From Niall Ferguson to Fareed Zakaria, commentators have paid growing attention to the rise of Asia and its implications for the West. Recent years have also seen the emergence of a growing volume of literature on intellectual property developments in Asia, in particular China and India. Few commentators, however, have explored whether Asian countries will take unified positions on international intellectual property law and policy.

Commissioned for the Inaugural International Intellectual Property Scholars Series, this article fills the void by examining intellectual property developments in relation to the decades-old 'Asian values' debate. Drawing on the region's diversity in economic and technological developments and the continuous rivalry among the different regional powers, the article contends that one can neither locate any distinct values, approaches, or practices on intellectual property law and policy nor identify any established pan-Asian positions in the area.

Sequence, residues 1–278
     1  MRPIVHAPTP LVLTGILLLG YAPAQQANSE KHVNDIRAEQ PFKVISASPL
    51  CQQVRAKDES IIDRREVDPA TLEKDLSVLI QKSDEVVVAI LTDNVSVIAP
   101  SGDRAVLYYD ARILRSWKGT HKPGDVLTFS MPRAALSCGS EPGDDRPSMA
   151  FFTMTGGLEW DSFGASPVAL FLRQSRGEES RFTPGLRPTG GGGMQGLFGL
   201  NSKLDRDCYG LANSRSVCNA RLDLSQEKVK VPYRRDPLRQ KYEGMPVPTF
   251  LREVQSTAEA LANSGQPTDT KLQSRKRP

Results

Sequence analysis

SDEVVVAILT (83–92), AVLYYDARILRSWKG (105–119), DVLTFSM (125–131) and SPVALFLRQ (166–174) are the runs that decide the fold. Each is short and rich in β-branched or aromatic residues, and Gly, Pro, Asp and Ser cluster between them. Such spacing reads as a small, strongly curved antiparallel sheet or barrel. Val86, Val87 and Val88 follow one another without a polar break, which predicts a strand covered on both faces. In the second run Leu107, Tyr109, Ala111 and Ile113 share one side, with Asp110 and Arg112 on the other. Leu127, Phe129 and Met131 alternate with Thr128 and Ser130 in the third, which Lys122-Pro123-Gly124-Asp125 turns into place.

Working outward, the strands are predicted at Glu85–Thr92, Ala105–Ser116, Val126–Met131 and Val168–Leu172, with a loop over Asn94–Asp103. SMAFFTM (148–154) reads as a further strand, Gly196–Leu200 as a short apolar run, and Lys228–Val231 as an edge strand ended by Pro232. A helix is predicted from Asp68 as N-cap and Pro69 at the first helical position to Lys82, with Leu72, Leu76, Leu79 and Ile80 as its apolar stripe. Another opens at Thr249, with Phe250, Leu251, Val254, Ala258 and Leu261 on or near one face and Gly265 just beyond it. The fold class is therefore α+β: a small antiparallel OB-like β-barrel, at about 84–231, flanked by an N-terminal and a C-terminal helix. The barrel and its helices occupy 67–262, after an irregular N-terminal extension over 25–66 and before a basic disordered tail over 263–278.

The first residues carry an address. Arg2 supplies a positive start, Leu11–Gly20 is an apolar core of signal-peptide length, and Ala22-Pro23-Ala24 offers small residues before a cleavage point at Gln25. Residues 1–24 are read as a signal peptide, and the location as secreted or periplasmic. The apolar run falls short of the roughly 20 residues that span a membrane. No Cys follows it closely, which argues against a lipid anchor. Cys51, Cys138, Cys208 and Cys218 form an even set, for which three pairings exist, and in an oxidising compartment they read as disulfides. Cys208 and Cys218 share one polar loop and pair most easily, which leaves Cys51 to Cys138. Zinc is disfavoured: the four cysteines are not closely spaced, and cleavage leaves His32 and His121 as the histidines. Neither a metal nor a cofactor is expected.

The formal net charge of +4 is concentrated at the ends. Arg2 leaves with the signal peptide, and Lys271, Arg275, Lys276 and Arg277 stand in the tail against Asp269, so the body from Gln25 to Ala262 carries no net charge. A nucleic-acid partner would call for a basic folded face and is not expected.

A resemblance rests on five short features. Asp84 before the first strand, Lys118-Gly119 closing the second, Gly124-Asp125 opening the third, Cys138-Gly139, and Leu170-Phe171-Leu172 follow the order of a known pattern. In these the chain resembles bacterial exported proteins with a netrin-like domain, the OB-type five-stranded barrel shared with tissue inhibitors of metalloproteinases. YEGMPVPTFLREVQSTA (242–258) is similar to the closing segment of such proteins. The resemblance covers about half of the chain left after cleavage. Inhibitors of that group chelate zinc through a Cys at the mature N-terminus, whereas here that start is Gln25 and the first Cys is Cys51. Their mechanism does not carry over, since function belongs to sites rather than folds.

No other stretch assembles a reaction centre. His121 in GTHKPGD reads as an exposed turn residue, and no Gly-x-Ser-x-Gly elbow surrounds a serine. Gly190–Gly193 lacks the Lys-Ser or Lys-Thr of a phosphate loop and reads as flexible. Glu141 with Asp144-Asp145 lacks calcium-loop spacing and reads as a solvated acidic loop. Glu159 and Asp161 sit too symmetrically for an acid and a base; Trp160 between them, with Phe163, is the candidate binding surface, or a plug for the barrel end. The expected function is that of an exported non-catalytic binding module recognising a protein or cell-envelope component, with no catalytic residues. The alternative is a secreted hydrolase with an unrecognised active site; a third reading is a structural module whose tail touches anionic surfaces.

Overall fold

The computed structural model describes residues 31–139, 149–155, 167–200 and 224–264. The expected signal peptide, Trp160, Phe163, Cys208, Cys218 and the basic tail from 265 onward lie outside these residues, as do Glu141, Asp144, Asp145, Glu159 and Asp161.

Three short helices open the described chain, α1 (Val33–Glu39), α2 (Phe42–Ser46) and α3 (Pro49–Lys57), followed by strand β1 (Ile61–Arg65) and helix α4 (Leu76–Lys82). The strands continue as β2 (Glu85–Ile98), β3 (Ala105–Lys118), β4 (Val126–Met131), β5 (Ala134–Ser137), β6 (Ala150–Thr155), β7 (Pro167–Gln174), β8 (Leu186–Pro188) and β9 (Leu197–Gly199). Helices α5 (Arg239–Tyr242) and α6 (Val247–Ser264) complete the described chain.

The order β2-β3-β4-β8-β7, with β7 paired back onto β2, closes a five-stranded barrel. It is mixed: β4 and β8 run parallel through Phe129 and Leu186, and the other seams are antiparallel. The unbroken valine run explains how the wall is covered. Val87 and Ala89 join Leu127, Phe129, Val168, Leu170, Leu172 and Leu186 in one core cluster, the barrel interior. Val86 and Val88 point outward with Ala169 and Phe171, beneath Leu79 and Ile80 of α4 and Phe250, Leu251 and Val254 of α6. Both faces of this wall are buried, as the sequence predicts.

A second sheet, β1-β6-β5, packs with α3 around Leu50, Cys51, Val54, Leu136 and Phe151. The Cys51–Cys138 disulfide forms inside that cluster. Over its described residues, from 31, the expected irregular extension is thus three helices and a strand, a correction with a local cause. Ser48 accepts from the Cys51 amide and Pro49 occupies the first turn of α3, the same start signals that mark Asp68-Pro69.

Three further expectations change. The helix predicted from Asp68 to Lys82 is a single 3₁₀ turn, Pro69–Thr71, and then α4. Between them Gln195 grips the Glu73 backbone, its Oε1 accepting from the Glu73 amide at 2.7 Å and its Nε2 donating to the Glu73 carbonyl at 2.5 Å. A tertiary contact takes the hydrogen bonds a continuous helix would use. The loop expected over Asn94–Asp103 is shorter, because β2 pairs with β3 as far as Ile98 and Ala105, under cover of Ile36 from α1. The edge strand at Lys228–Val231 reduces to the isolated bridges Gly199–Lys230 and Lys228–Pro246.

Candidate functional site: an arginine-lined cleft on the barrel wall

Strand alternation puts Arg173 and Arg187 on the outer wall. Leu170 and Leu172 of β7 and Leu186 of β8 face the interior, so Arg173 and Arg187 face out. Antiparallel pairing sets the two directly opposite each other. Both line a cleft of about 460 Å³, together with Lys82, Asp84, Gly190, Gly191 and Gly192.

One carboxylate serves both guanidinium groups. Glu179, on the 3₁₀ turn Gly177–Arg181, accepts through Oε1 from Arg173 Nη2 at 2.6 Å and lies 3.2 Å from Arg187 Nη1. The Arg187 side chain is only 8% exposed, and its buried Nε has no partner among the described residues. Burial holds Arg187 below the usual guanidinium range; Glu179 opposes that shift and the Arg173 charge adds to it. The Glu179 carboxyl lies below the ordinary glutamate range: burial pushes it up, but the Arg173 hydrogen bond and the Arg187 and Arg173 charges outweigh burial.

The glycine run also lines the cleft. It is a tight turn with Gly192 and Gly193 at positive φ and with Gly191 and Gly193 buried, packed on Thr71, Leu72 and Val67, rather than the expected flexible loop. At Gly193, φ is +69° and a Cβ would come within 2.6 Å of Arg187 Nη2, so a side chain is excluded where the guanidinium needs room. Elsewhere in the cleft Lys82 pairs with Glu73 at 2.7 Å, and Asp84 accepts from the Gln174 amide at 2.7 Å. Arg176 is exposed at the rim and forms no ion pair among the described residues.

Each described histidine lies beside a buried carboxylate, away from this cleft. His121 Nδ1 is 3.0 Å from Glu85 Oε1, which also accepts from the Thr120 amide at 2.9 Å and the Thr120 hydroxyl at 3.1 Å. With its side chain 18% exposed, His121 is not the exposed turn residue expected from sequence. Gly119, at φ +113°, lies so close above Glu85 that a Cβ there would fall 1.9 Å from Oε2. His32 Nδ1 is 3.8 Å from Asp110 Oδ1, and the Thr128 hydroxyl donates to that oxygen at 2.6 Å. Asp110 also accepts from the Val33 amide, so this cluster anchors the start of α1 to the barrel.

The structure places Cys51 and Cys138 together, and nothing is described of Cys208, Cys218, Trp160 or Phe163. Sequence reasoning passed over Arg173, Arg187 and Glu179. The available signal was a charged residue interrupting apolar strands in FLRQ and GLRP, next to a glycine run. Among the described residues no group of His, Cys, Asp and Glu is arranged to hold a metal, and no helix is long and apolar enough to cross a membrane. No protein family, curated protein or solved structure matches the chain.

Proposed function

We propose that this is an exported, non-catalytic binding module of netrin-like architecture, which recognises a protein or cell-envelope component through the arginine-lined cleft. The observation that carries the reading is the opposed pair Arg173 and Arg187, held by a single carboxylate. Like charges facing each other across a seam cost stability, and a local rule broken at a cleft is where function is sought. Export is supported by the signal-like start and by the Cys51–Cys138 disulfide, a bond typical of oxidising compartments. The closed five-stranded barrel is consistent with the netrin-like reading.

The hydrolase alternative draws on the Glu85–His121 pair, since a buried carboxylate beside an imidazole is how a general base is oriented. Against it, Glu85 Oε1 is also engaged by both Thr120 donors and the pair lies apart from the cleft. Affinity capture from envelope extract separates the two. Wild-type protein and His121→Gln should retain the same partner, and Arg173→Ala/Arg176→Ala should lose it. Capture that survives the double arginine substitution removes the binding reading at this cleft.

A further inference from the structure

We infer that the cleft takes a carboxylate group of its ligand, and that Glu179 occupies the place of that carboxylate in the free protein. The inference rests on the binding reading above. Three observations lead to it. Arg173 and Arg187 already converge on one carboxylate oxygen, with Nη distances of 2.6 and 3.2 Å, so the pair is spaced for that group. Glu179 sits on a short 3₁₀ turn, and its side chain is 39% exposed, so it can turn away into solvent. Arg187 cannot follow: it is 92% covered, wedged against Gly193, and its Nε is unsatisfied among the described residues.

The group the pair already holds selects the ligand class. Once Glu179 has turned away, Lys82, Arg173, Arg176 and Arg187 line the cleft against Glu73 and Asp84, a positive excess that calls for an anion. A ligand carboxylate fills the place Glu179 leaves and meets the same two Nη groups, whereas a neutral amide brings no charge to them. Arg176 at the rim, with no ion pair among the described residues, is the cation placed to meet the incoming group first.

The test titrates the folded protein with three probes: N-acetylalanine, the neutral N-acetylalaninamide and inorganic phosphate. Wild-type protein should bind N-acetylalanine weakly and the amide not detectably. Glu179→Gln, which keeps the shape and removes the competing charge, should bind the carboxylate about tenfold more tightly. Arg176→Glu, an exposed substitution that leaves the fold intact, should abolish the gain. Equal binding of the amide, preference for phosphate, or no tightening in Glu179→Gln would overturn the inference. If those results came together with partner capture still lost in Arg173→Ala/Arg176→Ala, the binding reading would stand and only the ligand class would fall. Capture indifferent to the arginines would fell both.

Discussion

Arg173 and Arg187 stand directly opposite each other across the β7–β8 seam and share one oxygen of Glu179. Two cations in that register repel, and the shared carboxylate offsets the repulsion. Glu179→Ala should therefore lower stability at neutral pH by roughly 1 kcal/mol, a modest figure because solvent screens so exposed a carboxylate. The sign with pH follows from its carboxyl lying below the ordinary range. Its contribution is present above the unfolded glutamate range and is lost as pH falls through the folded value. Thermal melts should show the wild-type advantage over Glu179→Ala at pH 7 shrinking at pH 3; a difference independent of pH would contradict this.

The article further explores the role Asian countries will play if these emerging countries exert more influence on the development of the international intellectual property system. It points out that, although Japan and South Korea are unlikely to join others to form a united front for the Asian developing world, China, India, and ASEAN members may be willing to work together to form a normative community. This article concludes with a discussion of ten key items that will find their way to the community's common policy agenda if such a community indeed exists.